Bizarre decade for Minnesota Whitecaps culminates with Isobel Cup

Having begun the 2010s as the first American-based team to capture the Clarkson Cup, the decade ends with the Minnesota Whitecaps becoming the inaugural first-year team in the NWHL to win the Isobel Cup. Becoming the first team to win both prestigious championships, this brush with history bookends a bizarre decade for the longest running club team in American women’s ice hockey.

Following a highly emotional Clarkson Cup victory over the Brampton Thunder in 2010, becoming the first American-based team, and first from the Western Women’s Hockey League, to hoist the coveted chalice, such success proved to be a peak, rather than the springboard towards an upward projection.

Despite qualifying for the Clarkson Cup playoffs in 2011, their third straight appearance, it also proved to be the last for the Whitecaps. With a strange off-season that saw the dissolution of the WWHL, their three Alberta-based clubs, the Calgary Oval X-Tremen, Edmonton Chimos and Strathmore Rockies, amalgamated into Team Alberta, adopting navy blue and gold as its official colors, while gaining status as the CWHL’s newest expansion team.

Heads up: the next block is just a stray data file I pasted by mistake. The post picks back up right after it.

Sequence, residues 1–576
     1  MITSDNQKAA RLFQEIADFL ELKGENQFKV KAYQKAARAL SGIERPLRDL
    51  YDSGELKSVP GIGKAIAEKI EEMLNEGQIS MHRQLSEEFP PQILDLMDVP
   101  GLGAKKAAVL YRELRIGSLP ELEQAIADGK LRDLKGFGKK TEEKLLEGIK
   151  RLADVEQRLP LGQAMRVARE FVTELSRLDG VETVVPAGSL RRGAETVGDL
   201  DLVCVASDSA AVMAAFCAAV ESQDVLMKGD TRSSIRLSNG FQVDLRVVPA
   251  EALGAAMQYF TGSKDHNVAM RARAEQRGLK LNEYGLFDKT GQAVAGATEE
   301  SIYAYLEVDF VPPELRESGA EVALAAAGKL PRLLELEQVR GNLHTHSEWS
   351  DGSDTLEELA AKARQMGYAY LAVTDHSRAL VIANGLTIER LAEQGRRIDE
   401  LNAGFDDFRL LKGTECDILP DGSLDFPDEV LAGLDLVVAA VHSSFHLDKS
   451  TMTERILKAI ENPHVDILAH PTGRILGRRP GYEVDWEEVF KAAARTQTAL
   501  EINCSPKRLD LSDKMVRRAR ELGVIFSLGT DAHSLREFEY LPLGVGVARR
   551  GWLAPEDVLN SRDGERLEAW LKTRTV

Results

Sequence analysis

Meanwhile, speculation took place that the Manitoba Maple Leafs and Whitecaps would also merge. From there, a seemingly endless series of innuendos, along with the tossing of the word “collusion”, ran rampant, resulting in neither market hosting a CHWL franchise, one which proved to be a tactical error for the budding league.

Forced into independent status, the Whitecaps wandered from season to season, calling Ridder Arena home while scheduled against university teams from Minnesota, notably from the Western Collegiate Hockey Association, unable to find a professional league.

Despite such unfortunate status, its roster read like a “Who’s Who of Women’s Hockey”, emerging as a destination for graduating NCAA players that grew up in the State of Hockey or neighboring Wisconsin. Throughout its years as an independent, the franchise managed to welcome players such as Jessie Vetter, Alex Rigsby and Finnish stars (and Golden Gopher alumnae) Noora Raty and Mira Jalosuo into the fold. Its relevance reached new heights when players such as Hannah Brandt and Kendall Coyne spurned the nascent NWHL in favor of remaining home.

The one constant throughout this time was inaugural member Winny Brodt-Brown, who evolved into the heartbeat of the franchise. Along with the leadership of General Manager Laura Halldorson, a former head coach with the Golden Gophers, the Whitecaps remained a darling of media attention, covered in Bleacher Report, Women’s Hockey Life, plus a feature in the prestigious New York Times.